Oscars Week: Puss in Boots – The Last Wish

This article is part four of . . .

The Front Page: Oscars Week

Last up on Oscars Week, as far as reviews go, is DreamWorks’s newest animated feature to hit theaters: Puss in Boots: The Last Wish. Be sure to stick around to Friday when Joshua Monen ends the Oscars Week with a bang with his editorial on redemption!

PUSS IN BOOTS: THE LAST WISH

If you follow social media closely, you most likely have heard this movie come up more than a few times, with heaps of praise towards it from just about every corner of the internet, but especially in the film and animation corners. Some scenes have even been memed to death. This film has also become incredibly successful at the box office, especially after the film became popular on social media. Let me begin by saying this: this movie deserves every load of praise and every dollar thrown its way.

The film’s theatrical poster.

DreamWorks’s latest outing is a sequel to a spinoff of the Shrek franchise. It is, therefore, very easy to dismiss the film as simply another sequel put out by the Hollywood machine. This is anything but, however. It actually far surpasses its predecessor. I would even go as far as to say that this film reaches levels of greatness that are hardly seen in the filmmaking world, especially as a sequel.

Puss in Boots, the arrogant, adventure-seeking and Spanish-speaking cat, is down to the last of his nine lives after another one of his adventures. Seeking to regain his past lives and thereby avoid death, Puss sets off on a quest to find the Last Wish, which grants its owner one wish. He is not the only one trying to find it; however, “Big” Jack Horner and Goldilocks and The Three Bears seek this Last Wish as well, each for their own reasons.

The animation is truly an achievement to behold: the first thing the viewer will notice is how different it is with its bright, pastel-like colors and the occasional smearing of colors and other details to make it more resemble a children’s book. It is still computer-animated, so audiences that are much more used to computer animated films would feel right at home with this. The second thing audiences will notice is how the film, at points, resembles the equally amazing Spider-Man: Into the Spider-Verse with its hyper-stylized fight scenes, and frame drops. These scenes even use action lines and have some influences from anime as well.

Overall, the animation is a total treat, but that’s certainly not the only thing the film offers. It, like Guillermo del Toro’s Pinocchio, offers spectacular voice performances from everyone on board. Salma Hayek voices Kitty Softpaws, who returns from the first Puss in Boots, and Antonio Banderas returns to voice the titular Puss in Boots. Both actors add a sense of vulnerability to both their characters through their age that enhances the film’s themes dramatically. With Puss in Boots having to face death through his journey, him sounding older and a bit weaker only serves to make his inevitable battle with death that much more profound and believable.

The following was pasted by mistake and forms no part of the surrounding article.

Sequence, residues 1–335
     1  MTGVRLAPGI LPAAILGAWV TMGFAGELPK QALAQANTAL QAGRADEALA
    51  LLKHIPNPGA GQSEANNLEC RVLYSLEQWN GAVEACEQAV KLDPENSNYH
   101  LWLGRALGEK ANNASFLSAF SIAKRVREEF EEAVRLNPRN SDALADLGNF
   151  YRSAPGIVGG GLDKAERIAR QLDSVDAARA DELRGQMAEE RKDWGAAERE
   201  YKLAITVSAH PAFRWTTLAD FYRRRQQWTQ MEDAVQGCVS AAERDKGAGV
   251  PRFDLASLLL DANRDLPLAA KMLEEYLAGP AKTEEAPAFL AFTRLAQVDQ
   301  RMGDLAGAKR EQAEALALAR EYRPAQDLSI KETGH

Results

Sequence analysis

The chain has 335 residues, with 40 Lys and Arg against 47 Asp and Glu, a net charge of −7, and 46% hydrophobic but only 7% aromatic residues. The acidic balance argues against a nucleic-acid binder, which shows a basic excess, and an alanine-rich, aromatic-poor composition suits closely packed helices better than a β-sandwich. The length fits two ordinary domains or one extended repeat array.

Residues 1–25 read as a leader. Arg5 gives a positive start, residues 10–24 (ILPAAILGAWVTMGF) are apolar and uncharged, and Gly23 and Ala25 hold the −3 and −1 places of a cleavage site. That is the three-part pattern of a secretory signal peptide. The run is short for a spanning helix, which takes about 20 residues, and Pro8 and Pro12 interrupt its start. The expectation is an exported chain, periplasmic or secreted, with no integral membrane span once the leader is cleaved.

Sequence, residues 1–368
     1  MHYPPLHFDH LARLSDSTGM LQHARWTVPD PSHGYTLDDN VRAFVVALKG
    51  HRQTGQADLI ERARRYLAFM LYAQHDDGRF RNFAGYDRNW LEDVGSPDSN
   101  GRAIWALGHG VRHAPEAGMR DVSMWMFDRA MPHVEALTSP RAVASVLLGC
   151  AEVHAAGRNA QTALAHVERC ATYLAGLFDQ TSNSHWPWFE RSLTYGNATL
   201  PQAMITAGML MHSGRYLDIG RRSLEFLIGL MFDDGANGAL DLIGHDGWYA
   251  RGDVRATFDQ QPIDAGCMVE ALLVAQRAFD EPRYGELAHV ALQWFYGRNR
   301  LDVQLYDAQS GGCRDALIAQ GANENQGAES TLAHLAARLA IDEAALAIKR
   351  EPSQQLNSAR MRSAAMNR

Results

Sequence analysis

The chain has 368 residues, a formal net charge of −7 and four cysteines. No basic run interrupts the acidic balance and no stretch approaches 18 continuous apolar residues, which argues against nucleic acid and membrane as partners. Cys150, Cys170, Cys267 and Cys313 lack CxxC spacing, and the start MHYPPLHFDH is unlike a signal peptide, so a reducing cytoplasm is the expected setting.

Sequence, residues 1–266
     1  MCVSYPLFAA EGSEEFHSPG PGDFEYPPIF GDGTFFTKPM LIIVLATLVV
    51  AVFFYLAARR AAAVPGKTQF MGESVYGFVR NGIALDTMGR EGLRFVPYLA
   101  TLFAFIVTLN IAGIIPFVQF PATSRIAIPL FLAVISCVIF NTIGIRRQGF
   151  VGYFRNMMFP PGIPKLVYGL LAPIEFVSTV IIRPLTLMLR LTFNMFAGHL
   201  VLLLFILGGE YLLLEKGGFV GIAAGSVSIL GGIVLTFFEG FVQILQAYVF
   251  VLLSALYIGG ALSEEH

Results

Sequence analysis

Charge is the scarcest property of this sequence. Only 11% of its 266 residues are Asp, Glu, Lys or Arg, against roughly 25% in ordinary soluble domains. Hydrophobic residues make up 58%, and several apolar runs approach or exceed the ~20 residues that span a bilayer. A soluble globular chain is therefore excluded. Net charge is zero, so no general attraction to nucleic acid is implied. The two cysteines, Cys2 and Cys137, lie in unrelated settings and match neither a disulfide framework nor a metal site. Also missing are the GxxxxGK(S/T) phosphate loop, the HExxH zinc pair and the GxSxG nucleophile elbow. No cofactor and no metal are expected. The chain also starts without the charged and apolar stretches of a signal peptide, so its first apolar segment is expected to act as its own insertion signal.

Speaking of characters, this film boasts quite a number of new characters. Perrito, a therapy dog, joins Puss and Kitty as a sidekick on their quest to find the Last Wish. Goldilocks and the Three Bears Crime Family are seeking the Last Wish as well: Goldilocks is after it to find her real family, having been adopted by the Bears. Finally, “Big” Jack Horner, a pie maker and collector of magic items, is after the Last Wish to gain all of the magic in the world and keep it for himself.

Our three fearless heroes: Kitty Softpaws (left, voiced by Salma Hayek), Perrito (middle, voiced by Harvey Guillén), and Puss in Boots (right, voiced by Antonio Banderas).

Goldilocks and the Three Bears are the film’s sympathetic antagonists: they honestly can hardly be called villains, though they definitely seem like it at first! Florence Pugh’s voice certainly can sound both good and evil at the same time. However, Jack Horner, played by John Mulaney, represents something that has been rare in recent animated films: an irredeemable, unabashedly evil villain. This kind of rare character is something to delight in, especially when compared to, say, the antagonist that is generational trauma that has plagued the Disney films as of late.

We are not discussing the elephant in the room, however: the most praised character (and maybe even aspect) of the entire film. It is not Puss in Boots, but rather a mysterious, hooded and gray-furred wolf that has captured the attention of just about everyone who has seen the film. This wolf stalks Puss in Boots throughout the entire film, and with the wolf comes one of the creepiest sounds possibly in any movie this year. His whistle, which accompanies his arrival to Puss in Boots, permeates the theater speakers (or a surround sound system): you are made very aware of his presence every single time he whistles, and it is a long one, one that is rhythmic enough to stick in your head. It practically makes your hair stand on end.

If the whistle were not enough, Wagner Moura delivers a similarly creepy voice performance that straight up fits the character. He adds hints of sadism into his deep and almost nasally voice that, through the wolf’s tall figure, red eyes and the two sickles he carries, immediately signals to the audience he is a force to be reckoned with, and remembered. His sudden appearances throughout the film keeps the audience on its toes and elevates the story to a whole other level.

The wolf (left, voiced by Wagner Moura) and Puss in their first confrontation.